OBCs are granted 27% reservation in jobs and education under the central government but only a few affluent communities among the over 2,600 included in the Central List of OBCs have secured a major part of this. Sub-categorisation or creating categories within OBCs for reservation would ensure “equitable distribution” of representation among all OBC communities. However, sub-categorisation can be used to appease one vote-bank or the other within the category and thus a cause of social justice would end up being politicised. The commission requested for an appropriate budget provision for a proposed all-India survey for an estimate of the caste-wise population of OBCs. The reason given was the absence of data for the population of various communities to compare with their representation in jobs and admissions as the data of the Socio-Economic Caste Census (SECC) were not considered reliable. In August 2018, it was announced that the data of OBCs will also be collected in Census 2021 but there have been no other announcements after that.
Q.1 Which of the following has been constituted to complete the task of sub-categorising 5000-odd castes in the central OBC under Article 340 of the Indian Constitution?
- Rohini Commission: ANSWER
- Fathima Commision
- Sujata Manohar Commision
- None of the above
Q.2 Consider the given statements & state which of the following is/are incorrect in the context of the creamy layer?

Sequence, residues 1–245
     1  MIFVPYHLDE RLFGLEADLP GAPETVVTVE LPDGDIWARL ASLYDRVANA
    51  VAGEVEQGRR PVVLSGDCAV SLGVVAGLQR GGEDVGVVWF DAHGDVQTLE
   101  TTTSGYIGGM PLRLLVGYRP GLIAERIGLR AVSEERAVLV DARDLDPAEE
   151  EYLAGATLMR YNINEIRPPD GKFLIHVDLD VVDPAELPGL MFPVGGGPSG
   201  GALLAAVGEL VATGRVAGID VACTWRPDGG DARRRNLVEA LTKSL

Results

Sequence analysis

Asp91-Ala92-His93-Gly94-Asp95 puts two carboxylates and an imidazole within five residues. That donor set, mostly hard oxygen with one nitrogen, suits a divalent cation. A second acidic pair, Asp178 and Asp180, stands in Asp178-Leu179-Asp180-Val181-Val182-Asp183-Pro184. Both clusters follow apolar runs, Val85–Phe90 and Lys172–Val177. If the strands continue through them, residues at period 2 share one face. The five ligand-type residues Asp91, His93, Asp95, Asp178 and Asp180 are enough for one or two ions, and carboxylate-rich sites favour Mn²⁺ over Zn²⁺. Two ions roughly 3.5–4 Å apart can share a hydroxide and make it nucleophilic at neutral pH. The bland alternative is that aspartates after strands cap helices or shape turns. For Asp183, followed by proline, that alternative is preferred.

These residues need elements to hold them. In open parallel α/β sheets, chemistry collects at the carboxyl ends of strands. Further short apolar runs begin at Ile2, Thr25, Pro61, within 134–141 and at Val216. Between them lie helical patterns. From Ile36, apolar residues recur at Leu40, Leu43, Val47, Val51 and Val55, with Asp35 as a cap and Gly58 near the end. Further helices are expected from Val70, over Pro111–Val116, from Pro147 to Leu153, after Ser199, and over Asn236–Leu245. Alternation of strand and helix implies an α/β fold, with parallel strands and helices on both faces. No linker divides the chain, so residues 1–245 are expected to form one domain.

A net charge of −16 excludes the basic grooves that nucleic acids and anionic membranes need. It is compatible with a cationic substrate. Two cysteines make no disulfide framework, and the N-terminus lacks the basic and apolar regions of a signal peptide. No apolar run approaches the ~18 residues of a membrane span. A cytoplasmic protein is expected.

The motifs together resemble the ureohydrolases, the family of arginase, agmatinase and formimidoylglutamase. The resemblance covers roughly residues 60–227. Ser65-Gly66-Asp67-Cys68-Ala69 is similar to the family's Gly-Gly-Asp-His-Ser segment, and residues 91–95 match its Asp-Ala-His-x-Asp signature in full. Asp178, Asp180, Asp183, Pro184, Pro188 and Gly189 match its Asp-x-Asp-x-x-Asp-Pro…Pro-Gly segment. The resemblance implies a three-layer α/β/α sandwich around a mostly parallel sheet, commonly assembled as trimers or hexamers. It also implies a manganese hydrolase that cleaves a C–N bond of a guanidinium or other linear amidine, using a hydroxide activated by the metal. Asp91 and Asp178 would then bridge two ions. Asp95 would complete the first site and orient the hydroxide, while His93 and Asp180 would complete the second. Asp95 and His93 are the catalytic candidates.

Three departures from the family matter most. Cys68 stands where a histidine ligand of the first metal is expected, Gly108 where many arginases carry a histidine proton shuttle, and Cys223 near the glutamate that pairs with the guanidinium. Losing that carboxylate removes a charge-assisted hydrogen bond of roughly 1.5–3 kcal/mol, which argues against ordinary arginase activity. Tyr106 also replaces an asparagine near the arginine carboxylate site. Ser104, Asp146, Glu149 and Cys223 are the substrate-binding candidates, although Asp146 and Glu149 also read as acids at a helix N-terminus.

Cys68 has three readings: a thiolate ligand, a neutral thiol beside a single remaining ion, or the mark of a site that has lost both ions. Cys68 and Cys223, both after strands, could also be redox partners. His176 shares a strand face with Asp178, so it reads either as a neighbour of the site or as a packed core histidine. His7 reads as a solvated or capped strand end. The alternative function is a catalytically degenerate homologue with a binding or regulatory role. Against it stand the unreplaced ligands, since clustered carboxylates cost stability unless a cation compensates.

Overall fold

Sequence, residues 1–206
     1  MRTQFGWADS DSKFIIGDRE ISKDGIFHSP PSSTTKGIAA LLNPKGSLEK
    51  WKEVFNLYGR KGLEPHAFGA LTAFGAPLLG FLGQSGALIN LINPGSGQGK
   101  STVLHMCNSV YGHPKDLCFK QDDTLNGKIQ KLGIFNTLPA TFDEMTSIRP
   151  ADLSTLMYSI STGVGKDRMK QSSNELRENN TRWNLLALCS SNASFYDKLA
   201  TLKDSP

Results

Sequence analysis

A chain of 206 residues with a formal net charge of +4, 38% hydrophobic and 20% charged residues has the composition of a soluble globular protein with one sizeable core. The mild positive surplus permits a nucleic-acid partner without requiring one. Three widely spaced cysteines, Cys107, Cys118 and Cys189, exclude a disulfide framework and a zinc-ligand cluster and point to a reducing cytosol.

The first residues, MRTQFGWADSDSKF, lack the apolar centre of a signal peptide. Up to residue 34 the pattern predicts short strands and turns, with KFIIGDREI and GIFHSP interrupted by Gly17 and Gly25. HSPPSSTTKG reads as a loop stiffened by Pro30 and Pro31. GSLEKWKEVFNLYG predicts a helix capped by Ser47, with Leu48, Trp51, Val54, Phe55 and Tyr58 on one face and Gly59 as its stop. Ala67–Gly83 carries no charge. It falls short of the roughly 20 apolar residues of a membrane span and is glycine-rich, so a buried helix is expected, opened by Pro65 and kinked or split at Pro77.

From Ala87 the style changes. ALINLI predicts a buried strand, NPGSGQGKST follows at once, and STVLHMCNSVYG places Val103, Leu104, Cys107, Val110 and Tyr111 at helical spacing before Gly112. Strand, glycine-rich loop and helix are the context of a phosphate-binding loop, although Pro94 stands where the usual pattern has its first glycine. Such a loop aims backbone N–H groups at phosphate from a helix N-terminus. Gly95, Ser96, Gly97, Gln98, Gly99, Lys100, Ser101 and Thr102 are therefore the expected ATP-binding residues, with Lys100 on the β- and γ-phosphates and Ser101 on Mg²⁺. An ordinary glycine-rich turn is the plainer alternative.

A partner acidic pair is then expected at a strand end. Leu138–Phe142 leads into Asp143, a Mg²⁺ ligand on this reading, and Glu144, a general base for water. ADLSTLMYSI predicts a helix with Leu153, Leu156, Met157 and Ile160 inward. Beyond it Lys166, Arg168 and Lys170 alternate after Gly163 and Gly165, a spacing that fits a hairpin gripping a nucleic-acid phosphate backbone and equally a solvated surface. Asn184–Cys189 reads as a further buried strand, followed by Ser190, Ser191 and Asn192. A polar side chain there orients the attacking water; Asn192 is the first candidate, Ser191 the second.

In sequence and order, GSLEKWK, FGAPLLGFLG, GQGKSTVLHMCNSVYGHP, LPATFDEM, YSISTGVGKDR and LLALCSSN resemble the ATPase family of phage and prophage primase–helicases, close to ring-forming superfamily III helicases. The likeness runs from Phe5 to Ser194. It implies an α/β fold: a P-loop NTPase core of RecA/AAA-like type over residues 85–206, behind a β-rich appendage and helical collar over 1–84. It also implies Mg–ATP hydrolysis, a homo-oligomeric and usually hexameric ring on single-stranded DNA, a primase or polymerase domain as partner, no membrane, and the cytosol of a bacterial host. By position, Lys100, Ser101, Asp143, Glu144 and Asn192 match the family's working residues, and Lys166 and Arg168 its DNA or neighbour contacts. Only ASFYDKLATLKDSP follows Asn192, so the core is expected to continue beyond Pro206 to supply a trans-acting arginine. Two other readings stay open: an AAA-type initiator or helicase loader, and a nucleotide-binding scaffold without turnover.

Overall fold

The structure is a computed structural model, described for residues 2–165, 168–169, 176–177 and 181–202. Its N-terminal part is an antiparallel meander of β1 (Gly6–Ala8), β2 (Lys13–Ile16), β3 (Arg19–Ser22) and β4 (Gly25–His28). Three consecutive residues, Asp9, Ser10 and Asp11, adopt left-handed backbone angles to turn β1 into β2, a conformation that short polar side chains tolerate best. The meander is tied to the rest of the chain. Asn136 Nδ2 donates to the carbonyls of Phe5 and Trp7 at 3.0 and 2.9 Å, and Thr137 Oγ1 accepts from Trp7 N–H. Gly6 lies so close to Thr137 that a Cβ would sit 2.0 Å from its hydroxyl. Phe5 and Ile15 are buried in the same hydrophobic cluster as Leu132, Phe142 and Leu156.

- The creamy layer sets a threshold within which OBC reservation benefits are applicable.
- The basis of exclusion should not merely be economic, unless the economic advancement is so high that it necessarily means social advancement.
- The creamy layer principle was based on the fundamental right to Constitutional remedies: ANSWER
- None of the following
Q.3 Which of the following Constitutional Amendments gave constitutional status to the NCBC (National Commission for Backward Classes), and empowered the President to notify the list SEBCs for any state or union territory?
- 100th Constitution Amendment Act of 2008
- 102nd Constitution Amendment Act of 2018: ANSWER
- 127th Constitution Amendment Act of 2021
- None of the following
Q.4 Which article of the Indian constitution gives the power to the government to make special provisions for the development of SC/ST/OBC against Article 15?
- Article 19
- Article 29: ANSWER
- Article 25
- None of the above
Q.5 Consider the following statements & state which of the following is correct in the context of the landmark judgment of 'Indra Sawhney v. Union of India'?
- P. V. Narasimha Rao government decided to implement the recommendations of the Mandal Commission, and made 27% reservations for Other Backward Classes (OBCs)
- Earlier, the reservation was meant to be only for SCs and STs but after this case the Other Backward Classes (OBCs) was brought under the reserved category.
- Only I follows
- Only II follows
- Both I & II are correct
- None is correct